The following was written by my late wife Elaine. She wrote a long book, a diary really, from which this is one passage:
“On The Thing”
One other never-to-be-forgotten memory of college work at Vint Hill was the psychology class. Our teacher was an older lady from Washington, DC who had what I call “a vocal tic:” She said “on the thing” about once every half minute like some folks say “ummm.”
I wasn’t going to be able to go to her final exam because of an out of town family situation, so I asked her if I could make it up, with any plan that would suit her, and she said that if I came to her apartment in SE Washington I could take the test there, which I appreciated, and we made plans for that on a Sunday afternoon, in daylight hours.
Safety Precautions in Southeast Washington, DC
When I arrived at the parking lot, a guard used his remote controller to open the gate, after he asked my name and called the teacher from his little booth. I parked where he told me to, and walked to the elevator. I had to push a button, tell who I was, and that voice checked with her, then the elevator door opened and I went to her floor and found her apartment door. I knocked, told her who I was, and I heard the chain come out of its slot; then I heard a bolt on the door open, and one of the turn-knobs “on the thing” – oh, I mean, on the door – and then she opened the door. I’m glad I won’t ever have to go there again.
I wanted to go ahead and get my degree, but I was going to have to commute for the last two years to the campus of Mary Washington College, Fredericksburg, Virginia – 50 miles from home – to complete the required music degree courses. This was hard. I got help from Dave, and a lot of cooperation from the kids.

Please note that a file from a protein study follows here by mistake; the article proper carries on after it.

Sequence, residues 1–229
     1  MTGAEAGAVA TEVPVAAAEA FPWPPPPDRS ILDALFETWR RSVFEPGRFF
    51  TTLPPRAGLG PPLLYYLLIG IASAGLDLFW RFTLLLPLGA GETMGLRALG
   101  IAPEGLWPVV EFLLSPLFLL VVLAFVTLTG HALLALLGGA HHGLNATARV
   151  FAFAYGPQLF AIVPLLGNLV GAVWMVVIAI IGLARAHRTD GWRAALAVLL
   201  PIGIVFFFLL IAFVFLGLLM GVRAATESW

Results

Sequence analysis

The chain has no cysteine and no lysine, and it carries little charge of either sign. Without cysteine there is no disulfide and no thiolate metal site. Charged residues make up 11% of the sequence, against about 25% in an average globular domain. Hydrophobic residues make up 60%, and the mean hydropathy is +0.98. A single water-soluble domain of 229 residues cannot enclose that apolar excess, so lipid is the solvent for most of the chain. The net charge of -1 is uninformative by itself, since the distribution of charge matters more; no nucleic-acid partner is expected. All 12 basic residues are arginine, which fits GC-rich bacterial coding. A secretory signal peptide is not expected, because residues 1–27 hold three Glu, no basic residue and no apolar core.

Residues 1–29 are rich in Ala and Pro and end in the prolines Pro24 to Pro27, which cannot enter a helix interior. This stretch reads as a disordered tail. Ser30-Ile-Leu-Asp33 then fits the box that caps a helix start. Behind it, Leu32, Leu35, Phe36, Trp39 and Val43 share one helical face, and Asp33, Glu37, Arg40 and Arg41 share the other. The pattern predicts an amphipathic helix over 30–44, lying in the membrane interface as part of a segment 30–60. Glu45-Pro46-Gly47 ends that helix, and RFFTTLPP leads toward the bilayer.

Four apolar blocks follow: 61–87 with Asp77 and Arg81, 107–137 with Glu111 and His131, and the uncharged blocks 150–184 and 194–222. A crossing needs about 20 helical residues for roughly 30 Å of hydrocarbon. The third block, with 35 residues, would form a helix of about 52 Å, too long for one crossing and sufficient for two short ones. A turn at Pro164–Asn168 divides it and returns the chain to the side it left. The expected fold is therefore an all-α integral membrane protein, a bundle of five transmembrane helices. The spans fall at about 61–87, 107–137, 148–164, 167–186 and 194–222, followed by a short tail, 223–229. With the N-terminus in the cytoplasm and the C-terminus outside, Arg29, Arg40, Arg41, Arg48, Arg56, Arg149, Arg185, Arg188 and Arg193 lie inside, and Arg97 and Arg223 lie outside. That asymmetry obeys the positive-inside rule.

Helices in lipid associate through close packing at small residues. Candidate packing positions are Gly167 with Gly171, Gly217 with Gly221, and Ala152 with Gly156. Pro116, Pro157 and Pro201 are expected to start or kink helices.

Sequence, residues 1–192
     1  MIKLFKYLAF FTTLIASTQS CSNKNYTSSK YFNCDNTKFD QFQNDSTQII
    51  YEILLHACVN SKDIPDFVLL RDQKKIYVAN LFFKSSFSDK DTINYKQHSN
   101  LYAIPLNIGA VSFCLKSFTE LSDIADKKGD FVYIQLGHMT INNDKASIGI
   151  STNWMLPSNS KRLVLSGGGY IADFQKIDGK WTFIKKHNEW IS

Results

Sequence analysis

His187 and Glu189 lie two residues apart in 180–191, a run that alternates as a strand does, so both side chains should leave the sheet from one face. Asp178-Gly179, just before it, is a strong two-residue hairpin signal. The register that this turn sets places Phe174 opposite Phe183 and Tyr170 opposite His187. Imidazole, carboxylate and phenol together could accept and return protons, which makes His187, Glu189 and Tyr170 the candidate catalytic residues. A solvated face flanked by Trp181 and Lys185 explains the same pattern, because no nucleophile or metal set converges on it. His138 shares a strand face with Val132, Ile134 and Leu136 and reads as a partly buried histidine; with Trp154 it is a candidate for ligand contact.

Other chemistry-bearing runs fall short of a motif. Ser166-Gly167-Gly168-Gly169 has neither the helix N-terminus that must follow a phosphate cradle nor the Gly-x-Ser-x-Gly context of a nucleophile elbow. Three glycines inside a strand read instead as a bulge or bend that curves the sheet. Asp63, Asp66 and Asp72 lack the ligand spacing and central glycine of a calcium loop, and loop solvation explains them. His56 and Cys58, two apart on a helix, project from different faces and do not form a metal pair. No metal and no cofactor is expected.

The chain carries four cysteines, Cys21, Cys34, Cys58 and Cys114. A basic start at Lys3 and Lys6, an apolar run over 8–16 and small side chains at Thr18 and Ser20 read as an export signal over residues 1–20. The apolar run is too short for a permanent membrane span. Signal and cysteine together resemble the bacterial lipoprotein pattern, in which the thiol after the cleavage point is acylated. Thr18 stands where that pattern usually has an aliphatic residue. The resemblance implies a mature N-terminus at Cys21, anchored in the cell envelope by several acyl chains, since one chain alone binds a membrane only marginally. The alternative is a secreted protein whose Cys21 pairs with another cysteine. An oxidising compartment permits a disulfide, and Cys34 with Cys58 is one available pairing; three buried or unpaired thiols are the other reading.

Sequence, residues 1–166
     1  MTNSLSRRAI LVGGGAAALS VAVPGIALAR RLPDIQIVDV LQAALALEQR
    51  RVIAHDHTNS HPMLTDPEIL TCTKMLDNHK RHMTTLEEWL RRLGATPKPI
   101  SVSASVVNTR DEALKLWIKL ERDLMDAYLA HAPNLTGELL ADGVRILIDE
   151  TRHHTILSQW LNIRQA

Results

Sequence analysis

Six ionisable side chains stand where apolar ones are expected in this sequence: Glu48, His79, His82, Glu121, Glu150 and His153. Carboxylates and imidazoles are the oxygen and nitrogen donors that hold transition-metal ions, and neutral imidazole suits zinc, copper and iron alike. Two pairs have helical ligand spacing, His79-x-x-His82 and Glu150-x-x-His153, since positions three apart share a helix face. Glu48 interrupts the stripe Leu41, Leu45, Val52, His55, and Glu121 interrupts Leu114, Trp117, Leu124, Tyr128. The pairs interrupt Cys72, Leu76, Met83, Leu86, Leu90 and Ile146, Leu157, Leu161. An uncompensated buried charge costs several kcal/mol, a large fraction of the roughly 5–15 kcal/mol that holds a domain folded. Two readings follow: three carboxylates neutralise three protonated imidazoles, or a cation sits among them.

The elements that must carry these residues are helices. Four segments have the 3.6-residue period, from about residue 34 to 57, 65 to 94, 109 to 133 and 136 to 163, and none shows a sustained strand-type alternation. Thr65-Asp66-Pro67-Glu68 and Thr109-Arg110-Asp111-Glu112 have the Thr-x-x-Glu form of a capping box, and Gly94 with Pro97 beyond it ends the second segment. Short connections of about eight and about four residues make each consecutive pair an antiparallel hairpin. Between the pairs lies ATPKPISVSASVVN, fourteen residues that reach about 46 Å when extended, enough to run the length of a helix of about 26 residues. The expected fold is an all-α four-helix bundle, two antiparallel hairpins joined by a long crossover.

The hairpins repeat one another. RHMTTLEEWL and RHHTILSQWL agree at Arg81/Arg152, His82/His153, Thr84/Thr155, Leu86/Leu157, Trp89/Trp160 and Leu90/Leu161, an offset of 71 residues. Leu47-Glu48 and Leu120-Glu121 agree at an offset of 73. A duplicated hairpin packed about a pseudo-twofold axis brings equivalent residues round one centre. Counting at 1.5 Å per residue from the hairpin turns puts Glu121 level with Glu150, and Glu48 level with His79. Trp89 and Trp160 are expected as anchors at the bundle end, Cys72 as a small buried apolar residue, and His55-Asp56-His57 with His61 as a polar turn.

Some of my classes began at 8 a.m. More than once in wintertime I was seated for my 8:00 a.m. class – after driving from Warrenton to Fredericksburg – and young girls would run over from their dorms with ice in their wet hair and come panting in about one minute before 8:00. Sometimes I felt like everybody’s mother (I was 37), but most of the time I felt like just one of the students. I worked hard and did well and thoroughly enjoy all my classes. The large indoor pool at MWC was available for students and their families, and sometimes Dave and I and the kids would all drive together on Friday evenings and eat out at McDonald’s in Fredericksburg and go swimming in the college pool.
The Dean of the Music Department, Anne Hamer, was an older lady who taught several music classes I was fortunate to be in – Harmony, Theory & Composition – and we became good friends.
To be continued…
About the Author: RD Blakeslee is a nonagenarian in West Virginia who built his net worth by only investing in that which can be enjoyed during acquisition and throughout life, as opposed to papers in a drawer, like stocks and bonds. You can read more about him here.
Photos: Courtesy of the Blakeslee Family